While the West Bengal government claims the step is in sync with service rules, the protestors are crying foul. Allegations are being made loud and clear that Santosh Singh, alias Pappu, is paying the price for identifying activists of the Trinamool Chhatra Parishad (TMCP), the student wing of West Bengal's ruling Trinamool Congress, said to be involved in vandalising the university April 10.
The dissenting voices point out that transfer of a Group D staffer was unheard of in at least the last 100 years of the Presidency College, which was elevated to a university by the erstwhile Left Front government in 2010.
They also argue that by shifting Pappu, who joined Presidency 15 years ago, to the Jahargram Raj College, 220 km away in West Midnapore district, the government has only demonstrated its vindictiveness.
Pappu had played a prominent role in identifying the rowdies who vandalised the Presidency University, including its historic Baker laboratory April 10, a day after state Chief Minister Mamata Banerjee and Finance Minister Amit Mitra were allegedly heckled April 9 by a group of Students Federation of India activists in New Delhi.
Facing all-round flak after the vandalism, Industries Minister and Trinamool secretary general Partha Chatterjee had then termed the allegations against TMCP a "conspiracy" and claimed that Pappu - who earlier served as an election agent of a CPI-M MP - was involved.
"We have told the police that Pappu is involved. He has to be arrested and the truth unearthed," Chatterjee had said.
Pappu was quizzed time and again by the police, but the teachers, students and alumni came out in his support.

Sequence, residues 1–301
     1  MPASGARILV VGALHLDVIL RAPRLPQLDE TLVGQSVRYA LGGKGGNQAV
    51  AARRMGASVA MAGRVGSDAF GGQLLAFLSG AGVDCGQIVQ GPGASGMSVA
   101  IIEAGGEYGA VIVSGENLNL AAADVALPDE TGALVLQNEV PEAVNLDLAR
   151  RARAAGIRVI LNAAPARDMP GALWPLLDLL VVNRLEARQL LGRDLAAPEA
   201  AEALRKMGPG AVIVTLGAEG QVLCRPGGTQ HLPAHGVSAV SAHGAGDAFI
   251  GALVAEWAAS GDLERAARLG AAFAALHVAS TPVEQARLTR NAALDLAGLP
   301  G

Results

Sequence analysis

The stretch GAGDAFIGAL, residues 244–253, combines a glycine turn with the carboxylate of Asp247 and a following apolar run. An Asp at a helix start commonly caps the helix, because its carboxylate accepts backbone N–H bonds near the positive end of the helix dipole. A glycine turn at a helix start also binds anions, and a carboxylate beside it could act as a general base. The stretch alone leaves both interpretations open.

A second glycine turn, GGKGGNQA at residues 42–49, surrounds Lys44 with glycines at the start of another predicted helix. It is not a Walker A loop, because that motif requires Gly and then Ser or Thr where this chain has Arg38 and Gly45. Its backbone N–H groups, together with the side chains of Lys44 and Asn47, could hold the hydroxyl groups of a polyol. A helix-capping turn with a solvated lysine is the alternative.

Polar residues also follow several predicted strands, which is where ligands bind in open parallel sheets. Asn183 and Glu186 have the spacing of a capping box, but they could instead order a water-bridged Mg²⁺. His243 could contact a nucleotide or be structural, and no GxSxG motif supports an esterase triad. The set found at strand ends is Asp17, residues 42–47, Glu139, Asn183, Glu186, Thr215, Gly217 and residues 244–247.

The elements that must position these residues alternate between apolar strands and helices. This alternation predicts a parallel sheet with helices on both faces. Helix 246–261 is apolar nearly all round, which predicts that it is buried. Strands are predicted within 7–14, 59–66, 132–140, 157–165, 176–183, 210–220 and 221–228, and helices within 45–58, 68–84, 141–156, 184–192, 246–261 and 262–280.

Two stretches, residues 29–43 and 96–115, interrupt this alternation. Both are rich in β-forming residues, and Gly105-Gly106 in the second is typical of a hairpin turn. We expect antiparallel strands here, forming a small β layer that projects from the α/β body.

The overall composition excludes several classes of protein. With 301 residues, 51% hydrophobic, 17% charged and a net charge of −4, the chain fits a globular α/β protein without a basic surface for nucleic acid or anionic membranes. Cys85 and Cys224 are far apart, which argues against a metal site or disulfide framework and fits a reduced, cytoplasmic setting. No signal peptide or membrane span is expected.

Pappu's family has had a sentimental bond spanning three generations with the celebrated institution. His grandfather, Ram Iqbal Singh, died while standing guard at the gates of the Presidency College during the 1926 riots. Pappu's father also served as presidency gatekeeper for years.
Students came out of the classroom and launched a protest when an official served the transfer order on Pappu and three others.
""We will continue our stir till we get a positive response from the minister and the officials that the transfer order will not be executed. We love Pappuda; we will not let him go," said a student leader.
Bivas Chowdhury, general secretary of the Presidency University Alumni Association, said Pappu and his family are part of the institution's heritage.
"He has friendly relations with all - students, teachers, alumni, non-teaching staff - irrespective of political colour. Removing him is akin to harming that heritage. If such a thing happens, the Alumni Association will protest," said Chowdhury.
Former Presidency College principal and noted political scientist Amal Mukhopadhyay lashed out against the Trinamool government.
"I have never heard of a Group D staff being transferred without any fault of his own. They are shifted when they seek transfers voluntarily or as a punishment. But Pappu has neither opted for transfer nor done anything wrong. I think the transfer is politically motivated," Mukhopadhyay maintained.
Students even took the social networking route against the transfer.
"After April 10, there is another attack on Presidency with the government issuing a transfer order to Pappuda. To every 10th April, there is an 11th. Let the response be equally loud this time," read an angry Facebook post.
Sensing the overall sentiment, Vice Chancellor Malabika Sarkar wrote to Education Minister Bratya Basu requesting that the transfer order be cancelled. The university did not issue the release order till the weekend in view of the protests.
But Basu was adamant, and saw no merit in the protests.
"There are 45 government colleges in West Bengal. And the Group D staff are regularly transferred. I don't even keep track of such transfers. But such transfers are part of the government service rules and everybody has to abide by that," said the minister.
Pappu seemed confused. "I don't know what I will do. But I thank the students - both current and former - for standing by me".
(Sirshendu Panth can be contacted at email@example.com)
--IANS (Posted on 10-09-2013)